Whitby mother arrived to deliver her first child after being cared for by her family doctor and an obstetrician. At the Ajax area hospital, a fetal heart rate (FHR) monitor strip was attached, as her membranes had ruptured several hours earlier. The FHR strip was running at 1 cm per hour instead of the usual 3 cms per hour, making the strip difficult to interpret. Blood work showed a moderate neutrophilia, indicating a possible bacterial infection. The obstetrician received telephone instructions to begin Oxytocin, but afterwards Mom remained unchanged at 1cm dilated and spines at -3, meaning the baby’s head was not positioned for delivery. A very high dosage of Oxytocin, in increasing amounts, was ordered and given to Mom throughout the day. The nurse noticed an FHR drop at one point and lowered the infusion rate, at which point the doctor had yet to examine Mom. This was done despite concerns that the presenting part was not cephalic (the baby was in the wrong position for delivery) and that the Oxytocin had in fact failed to induce labour.
After her second night in the hospital, Mom was still only 3-4 cm dilated and the fetal head was too high for delivery. Ampicillin was given, which was contrary to protocol (protocol dictates that this should have been done 18 hours after her membranes ruptured). In the late afternoon, the doctor asked Mom to walk around, despite the fact that inductions should not be stopped after they are begun without a legitimate reason, and that they should be monitored very closely, especially given Mom’s slow progression. The FHR monitor was stopped to allow her to walk around. An epidural was given and the monitor was replaced an hour later. The monitor began to show a sinusoidal pattern (a wave-like pattern with poor variability between beats). Mom’s temperature rose to 38.1 degrees, there was a delay in paging the doctor and the paediatrician did not arrive until half an hour later.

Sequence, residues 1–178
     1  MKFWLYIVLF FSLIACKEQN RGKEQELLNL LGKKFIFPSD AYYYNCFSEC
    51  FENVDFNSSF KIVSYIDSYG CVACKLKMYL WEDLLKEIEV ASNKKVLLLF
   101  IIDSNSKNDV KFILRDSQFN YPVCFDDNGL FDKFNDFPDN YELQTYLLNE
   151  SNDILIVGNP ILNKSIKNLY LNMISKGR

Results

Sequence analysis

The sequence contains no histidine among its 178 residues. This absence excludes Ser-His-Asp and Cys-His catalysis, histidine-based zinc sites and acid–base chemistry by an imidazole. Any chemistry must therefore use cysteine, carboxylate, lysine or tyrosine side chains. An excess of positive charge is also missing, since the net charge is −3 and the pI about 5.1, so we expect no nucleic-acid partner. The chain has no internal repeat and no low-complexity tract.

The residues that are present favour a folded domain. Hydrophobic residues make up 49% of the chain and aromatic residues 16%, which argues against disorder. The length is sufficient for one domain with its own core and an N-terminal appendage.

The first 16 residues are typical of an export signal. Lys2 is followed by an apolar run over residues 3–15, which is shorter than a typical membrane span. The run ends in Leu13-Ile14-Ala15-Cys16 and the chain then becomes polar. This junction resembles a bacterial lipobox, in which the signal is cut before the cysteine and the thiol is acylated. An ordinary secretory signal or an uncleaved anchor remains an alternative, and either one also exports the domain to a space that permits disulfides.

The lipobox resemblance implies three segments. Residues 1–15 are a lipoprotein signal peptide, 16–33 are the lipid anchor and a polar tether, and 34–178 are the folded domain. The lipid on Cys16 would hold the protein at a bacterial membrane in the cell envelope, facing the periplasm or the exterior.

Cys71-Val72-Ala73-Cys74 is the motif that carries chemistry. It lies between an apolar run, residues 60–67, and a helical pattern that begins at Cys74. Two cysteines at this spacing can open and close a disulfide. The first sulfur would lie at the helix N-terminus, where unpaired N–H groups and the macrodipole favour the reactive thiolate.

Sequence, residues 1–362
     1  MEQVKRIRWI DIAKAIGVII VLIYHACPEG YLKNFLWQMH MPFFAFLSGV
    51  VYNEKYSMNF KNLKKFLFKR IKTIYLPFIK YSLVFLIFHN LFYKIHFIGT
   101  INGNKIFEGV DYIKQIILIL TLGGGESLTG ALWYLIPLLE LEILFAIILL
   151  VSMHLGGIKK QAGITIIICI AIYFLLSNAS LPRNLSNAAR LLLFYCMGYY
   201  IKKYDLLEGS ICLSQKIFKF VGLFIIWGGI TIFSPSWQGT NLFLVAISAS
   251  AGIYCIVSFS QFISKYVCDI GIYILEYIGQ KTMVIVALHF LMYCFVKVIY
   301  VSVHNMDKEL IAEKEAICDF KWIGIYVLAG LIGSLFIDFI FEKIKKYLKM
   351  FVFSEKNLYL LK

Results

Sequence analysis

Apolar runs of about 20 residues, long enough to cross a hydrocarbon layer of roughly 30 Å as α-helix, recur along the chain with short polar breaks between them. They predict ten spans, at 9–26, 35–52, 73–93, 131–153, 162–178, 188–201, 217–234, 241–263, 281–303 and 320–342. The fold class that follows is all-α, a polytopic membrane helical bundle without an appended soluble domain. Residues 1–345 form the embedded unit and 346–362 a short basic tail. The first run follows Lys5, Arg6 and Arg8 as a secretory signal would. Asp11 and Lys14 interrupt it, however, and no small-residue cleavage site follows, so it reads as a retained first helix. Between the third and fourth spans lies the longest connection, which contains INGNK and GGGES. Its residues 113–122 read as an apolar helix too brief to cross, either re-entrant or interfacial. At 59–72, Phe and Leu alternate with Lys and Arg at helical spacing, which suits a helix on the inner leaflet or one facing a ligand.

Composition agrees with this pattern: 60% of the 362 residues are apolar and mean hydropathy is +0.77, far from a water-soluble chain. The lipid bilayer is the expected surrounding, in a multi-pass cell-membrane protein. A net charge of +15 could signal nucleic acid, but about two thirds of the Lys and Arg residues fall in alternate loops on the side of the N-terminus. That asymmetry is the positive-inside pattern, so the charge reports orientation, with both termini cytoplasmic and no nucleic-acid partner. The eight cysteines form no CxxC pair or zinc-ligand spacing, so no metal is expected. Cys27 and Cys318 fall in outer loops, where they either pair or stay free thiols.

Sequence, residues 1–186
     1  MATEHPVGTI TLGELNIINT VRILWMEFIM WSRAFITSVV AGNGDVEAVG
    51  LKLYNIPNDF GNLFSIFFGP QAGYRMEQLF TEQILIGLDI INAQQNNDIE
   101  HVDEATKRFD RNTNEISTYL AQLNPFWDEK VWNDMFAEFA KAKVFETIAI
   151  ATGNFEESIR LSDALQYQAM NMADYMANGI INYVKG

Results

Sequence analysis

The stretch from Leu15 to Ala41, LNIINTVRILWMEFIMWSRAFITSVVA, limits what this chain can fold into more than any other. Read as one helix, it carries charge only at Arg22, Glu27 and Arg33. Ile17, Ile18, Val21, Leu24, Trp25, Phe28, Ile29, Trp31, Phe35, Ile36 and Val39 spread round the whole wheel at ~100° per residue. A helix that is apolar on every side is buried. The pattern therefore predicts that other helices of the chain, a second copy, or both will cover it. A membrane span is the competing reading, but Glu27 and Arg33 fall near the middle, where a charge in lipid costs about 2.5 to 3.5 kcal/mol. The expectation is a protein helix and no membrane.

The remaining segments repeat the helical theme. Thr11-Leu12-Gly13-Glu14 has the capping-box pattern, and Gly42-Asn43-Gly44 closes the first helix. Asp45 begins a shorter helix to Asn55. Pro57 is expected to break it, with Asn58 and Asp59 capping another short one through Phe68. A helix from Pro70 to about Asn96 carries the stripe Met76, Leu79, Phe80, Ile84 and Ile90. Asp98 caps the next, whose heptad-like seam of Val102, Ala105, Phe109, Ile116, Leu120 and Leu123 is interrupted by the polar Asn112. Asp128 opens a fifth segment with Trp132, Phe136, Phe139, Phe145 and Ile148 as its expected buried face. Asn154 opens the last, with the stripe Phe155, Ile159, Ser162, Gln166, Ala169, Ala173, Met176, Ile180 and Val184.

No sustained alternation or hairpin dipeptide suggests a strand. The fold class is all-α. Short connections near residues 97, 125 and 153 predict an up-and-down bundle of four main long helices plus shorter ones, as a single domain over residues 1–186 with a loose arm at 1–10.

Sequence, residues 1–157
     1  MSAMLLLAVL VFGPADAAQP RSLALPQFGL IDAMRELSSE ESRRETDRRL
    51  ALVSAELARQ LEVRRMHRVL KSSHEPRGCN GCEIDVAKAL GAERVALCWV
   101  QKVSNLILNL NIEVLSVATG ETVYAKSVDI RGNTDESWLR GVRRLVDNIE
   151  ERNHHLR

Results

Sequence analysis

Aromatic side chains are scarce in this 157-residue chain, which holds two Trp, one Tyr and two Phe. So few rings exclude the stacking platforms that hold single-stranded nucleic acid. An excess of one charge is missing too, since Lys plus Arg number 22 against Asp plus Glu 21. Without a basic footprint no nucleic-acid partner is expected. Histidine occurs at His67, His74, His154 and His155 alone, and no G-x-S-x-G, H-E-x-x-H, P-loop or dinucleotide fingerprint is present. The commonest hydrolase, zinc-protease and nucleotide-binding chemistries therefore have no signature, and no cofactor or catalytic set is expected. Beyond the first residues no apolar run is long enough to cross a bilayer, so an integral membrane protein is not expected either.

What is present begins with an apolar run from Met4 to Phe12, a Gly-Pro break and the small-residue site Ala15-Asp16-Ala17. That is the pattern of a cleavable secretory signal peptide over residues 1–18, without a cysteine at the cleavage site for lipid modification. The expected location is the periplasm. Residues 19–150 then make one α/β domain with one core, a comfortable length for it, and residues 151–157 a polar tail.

The baby was born via Caesarean section and required bag and mask resuscitation. He began to show seizure and apnea activity, but no cord blood was taken. Perinatal asphyxia secondary to hypoxic ischemic encephalopathy was diagnosed. The baby developed spastic quadriplegic cerebral palsy, epilepsy and profound cognitive impairment.
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